Mastering Google’s algorithms and optimising your website’s content allows you to generate qualified traffic in the long term. Unlike communication methods such as advertising on social networks or SEA, SEO guarantees results that will last and bring you traffic for months or even years.
Obviously, your content must be qualitative, unique, and provide added value to users. But how do you write content that is SEO-friendly? What are the mistakes to avoid?
The choice of keywords
When choosing your keywords, the biggest mistake to avoid is writing content only for the search engine without having a “customer-first” vision. Your keywords must be targeted according to your audience and adapted to the subject.
In addition, you must take into account the behaviour of your users. For example, more and more internet users are now using voice search. So think about using long tail keywords in order to appear in the results for this type of search.
Next, avoid keyword stuffing. This practice is quickly detected by the search engine, which will penalise you instead of moving you up in the search results. Choose only keywords that are relevant and specific to your business.
Structure and tagging
Well-structured content will always be favoured by Google algorithms. Moreover, it guarantees a pleasant and satisfactory reading experience for the Internet user. Therefore, use hN tags (titles and subtitles) in order to improve the readability of your pages.
Markup ranges from titles to images, including meta-description. Our best advice is to always keep one overriding goal in mind: optimising the overall UX ! This can be achieved by writing a meta-description that is consistent with what the user will find when they visit your page. Otherwise, they will be frustrated not to get the information they are looking for and will leave your site. This will increase your bounce rate, and therefore lower your SEO score.
Finally, integrate calls to action. These will improve the user experience and the clarity of the content in general. They also help guide the user and encourage them to interact or perform specific actions on your platform.
The size of your images can considerably slow down your pages loading time. It is possible to identify problematic images using the Page Speed Insights tool. You can then compress images that are too heavy (while maintaining their quality) and thus improve the speed of your site.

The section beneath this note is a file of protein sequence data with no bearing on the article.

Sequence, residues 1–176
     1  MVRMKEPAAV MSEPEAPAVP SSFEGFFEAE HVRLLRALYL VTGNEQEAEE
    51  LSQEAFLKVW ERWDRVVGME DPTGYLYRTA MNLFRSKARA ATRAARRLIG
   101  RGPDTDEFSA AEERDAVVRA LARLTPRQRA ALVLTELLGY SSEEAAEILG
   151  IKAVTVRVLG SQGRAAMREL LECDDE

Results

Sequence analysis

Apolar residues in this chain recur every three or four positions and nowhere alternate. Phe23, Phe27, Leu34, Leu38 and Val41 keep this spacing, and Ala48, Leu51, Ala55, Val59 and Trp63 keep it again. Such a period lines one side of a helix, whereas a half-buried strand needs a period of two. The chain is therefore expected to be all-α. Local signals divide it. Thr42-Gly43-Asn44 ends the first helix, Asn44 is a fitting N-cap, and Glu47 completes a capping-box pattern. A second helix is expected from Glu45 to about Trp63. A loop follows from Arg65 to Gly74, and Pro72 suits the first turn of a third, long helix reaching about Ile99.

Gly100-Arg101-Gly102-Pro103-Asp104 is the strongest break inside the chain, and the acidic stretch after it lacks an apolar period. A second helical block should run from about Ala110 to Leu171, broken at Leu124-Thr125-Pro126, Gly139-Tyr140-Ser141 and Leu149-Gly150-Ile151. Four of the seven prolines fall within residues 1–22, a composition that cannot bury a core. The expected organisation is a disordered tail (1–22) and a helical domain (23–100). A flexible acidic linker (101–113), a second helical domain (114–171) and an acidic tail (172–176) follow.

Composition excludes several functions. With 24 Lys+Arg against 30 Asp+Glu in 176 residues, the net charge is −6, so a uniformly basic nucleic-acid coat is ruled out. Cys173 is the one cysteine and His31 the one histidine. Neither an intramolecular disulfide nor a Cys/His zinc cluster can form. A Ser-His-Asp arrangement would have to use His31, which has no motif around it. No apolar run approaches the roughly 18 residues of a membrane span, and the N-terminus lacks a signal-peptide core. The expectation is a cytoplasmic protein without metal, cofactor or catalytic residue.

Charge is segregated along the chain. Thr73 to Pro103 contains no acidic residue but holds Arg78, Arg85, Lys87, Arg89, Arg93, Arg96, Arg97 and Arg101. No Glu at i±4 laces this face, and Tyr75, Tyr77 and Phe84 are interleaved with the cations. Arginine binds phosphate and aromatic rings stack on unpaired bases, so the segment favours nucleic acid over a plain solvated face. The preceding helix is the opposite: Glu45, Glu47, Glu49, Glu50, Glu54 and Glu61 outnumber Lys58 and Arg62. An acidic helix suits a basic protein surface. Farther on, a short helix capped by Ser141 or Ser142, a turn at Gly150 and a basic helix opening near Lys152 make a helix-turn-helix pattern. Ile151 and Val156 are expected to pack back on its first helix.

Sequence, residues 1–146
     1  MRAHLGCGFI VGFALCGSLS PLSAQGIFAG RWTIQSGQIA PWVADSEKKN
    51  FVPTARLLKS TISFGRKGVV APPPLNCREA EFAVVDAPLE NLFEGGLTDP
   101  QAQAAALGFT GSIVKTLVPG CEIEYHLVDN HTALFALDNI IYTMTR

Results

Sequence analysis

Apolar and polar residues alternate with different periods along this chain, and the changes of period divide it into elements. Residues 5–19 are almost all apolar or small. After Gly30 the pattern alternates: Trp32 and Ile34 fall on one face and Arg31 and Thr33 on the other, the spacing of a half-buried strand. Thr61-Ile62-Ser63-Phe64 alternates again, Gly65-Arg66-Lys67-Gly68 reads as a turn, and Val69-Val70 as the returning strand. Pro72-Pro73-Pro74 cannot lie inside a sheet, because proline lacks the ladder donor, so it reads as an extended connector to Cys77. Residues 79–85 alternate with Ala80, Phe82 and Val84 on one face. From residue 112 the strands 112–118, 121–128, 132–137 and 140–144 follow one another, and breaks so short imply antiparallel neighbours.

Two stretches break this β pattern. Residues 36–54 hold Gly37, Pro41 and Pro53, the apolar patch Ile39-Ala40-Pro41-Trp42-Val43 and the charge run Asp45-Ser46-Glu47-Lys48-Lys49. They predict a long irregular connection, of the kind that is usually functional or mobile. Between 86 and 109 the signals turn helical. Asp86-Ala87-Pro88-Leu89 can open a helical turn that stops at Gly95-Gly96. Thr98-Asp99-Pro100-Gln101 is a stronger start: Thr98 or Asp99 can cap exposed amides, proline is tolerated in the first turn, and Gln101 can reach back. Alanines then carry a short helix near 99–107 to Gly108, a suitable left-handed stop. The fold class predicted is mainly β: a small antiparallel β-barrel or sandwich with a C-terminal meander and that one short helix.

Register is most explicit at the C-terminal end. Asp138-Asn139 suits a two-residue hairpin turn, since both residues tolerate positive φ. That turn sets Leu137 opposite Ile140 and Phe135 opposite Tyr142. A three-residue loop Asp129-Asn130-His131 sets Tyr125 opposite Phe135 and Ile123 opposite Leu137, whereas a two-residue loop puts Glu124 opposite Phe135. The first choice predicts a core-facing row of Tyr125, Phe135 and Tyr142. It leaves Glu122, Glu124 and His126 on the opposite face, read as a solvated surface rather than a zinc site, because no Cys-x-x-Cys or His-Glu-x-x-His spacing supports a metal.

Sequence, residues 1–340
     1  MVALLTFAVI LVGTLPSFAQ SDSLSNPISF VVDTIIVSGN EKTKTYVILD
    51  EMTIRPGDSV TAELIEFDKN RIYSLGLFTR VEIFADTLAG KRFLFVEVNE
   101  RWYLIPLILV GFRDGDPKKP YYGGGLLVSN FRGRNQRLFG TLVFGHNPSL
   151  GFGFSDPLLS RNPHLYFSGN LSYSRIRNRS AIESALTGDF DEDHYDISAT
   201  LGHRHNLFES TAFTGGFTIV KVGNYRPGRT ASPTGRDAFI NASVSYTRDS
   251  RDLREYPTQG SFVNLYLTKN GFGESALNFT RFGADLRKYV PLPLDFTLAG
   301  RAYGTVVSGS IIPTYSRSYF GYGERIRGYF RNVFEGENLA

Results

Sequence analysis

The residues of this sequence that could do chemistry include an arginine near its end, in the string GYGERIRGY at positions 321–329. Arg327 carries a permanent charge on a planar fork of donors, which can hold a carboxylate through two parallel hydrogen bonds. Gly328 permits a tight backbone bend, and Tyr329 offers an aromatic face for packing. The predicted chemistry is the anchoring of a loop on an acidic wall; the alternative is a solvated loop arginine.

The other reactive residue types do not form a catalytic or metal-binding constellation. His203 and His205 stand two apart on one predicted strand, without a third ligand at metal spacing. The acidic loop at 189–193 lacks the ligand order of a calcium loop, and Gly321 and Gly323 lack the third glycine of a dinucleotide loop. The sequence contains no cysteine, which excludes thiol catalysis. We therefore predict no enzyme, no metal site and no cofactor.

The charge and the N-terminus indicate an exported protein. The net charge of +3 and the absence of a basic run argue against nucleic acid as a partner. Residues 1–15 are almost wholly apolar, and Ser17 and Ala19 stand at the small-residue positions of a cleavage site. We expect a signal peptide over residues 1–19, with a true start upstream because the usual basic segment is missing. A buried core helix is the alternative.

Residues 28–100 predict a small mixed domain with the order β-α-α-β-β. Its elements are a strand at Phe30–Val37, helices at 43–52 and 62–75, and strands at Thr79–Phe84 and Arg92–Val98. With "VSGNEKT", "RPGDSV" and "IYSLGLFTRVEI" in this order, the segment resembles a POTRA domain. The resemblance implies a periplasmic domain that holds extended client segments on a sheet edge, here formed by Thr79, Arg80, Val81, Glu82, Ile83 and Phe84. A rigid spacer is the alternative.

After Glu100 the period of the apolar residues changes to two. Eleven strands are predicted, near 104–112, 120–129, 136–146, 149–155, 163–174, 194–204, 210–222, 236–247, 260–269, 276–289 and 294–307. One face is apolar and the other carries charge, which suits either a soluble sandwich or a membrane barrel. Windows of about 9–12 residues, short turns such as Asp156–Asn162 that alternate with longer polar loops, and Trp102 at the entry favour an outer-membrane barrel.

It is also important to give alternative titles (captions) to your images. This allows search engines to identify them more easily. We also recommend that you complete the alt tag , i.e. the description of the images. This attribute appears when the image does not load for some reason. It is also this tag that a visually impaired person’s software will read in order to describe the image. So this is another way to optimise the UX.
In addition, if your images rank well, they will also appear in Google Image, which increases the chances of generating traffic to your site.
Finally, since the development of the Google Lens image recognition tool, image optimisation has become even more important. The user takes a picture of an object in order to search for results on Google. The user then sees the most relevant images according to the algorithm.
Video for optimal search engine optimisation
The final thing you need to pay attention to when optimising the content of your website is video. Indeed, video referencing allows you to improve the visibility of your site as well as its placement in the search engine results.
When a user performs a search, several types of results can appear: textual sites, e-commerce products, news, images, or even videos. The latter, thanks to their “thumbnail” format, tend to attract the eye and attention of users.
And you probably already know that videos have a strong potential to generate engagement and conversions. So why not use them?
You are now ready to optimise your natural referencing and climb up the SERP results!
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